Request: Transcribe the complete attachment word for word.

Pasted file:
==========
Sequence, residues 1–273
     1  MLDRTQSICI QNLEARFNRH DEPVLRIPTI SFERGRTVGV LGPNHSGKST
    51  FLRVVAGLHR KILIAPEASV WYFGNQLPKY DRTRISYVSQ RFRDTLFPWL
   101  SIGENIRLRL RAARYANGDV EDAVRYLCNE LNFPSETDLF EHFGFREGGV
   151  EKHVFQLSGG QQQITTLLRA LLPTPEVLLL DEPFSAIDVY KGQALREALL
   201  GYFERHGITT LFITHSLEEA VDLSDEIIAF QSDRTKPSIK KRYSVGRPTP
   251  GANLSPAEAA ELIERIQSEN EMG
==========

Sequence, residues 1–273
     1  MLDRTQSICI QNLEARFNRH DEPVLRIPTI SFERGRTVGV LGPNHSGKST
    51  FLRVVAGLHR KILIAPEASV WYFGNQLPKY DRTRISYVSQ RFRDTLFPWL
   101  SIGENIRLRL RAARYANGDV EDAVRYLCNE LNFPSETDLF EHFGFREGGV
   151  EKHVFQLSGG QQQITTLLRA LLPTPEVLLL DEPFSAIDVY KGQALREALL
   201  GYFERHGITT LFITHSLEEA VDLSDEIIAF QSDRTKPSIK KRYSVGRPTP
   251  GANLSPAEAA ELIERIQSEN EMG